In the context of A Line in the Sand: Art, Ecology, and Precarity, this year’s iteration of the annual Berkeley/Stanford symposium, I presented a paper titled “Falling is Not Collapsing: Waste Histories and Capitalist Desire in the Realm of Flora.” It is my reading of and around Falling Is Not Collapsing, Falling Is Extending (2016-17), an interdisciplinary research and artistic project by the Beirut-based artist Marwa Arsanios. Arsanios exposes the link between waste accumulation and real-estate, part of the postwar wave of privatizations through successive neoliberal governments since the end of the civil war in 1990. Crucially, she reveals how waste became a strategy to seize coastal lands in Lebanon and erect luxury condo towers and exclusive beach resorts. I argued that by going to the landfills, including the fifty-meter tall “garbage mountain” in Bourj Hammoud (a suburb of Beirut), and getting close to a precarious waste ecology, including thorny weeds and tires, Arsanios defies the power of smell which has created a nonphysical border that deters communities from reclaiming the land. This olfactory border maintains a hygiene-and-containment-based separation between people and waste-occupied land, which works in the interest of real-estate as the latter turns it into an operational landscape. In this sense, the so-called “garbage crisis,” ongoing in Lebanon, is perpetual through the rule of real estate which I have come to term “real-estate governmentality." I coined this political-theoretical metonym in reference to postwar governance: it destroys local ecologies, privatizes land, and acts in service of the real-estate economy and against public interest.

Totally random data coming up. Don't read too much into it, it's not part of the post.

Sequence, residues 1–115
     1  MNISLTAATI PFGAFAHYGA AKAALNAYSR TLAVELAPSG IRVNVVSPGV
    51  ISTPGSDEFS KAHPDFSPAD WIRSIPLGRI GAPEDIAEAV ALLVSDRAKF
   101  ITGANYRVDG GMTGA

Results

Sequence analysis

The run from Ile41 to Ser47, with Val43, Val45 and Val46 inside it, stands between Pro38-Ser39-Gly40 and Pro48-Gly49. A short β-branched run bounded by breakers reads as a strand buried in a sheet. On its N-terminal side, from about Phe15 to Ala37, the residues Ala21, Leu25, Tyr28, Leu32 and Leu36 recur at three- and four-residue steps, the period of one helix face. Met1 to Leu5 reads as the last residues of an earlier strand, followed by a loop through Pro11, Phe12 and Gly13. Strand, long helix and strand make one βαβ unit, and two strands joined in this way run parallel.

July 1, 2018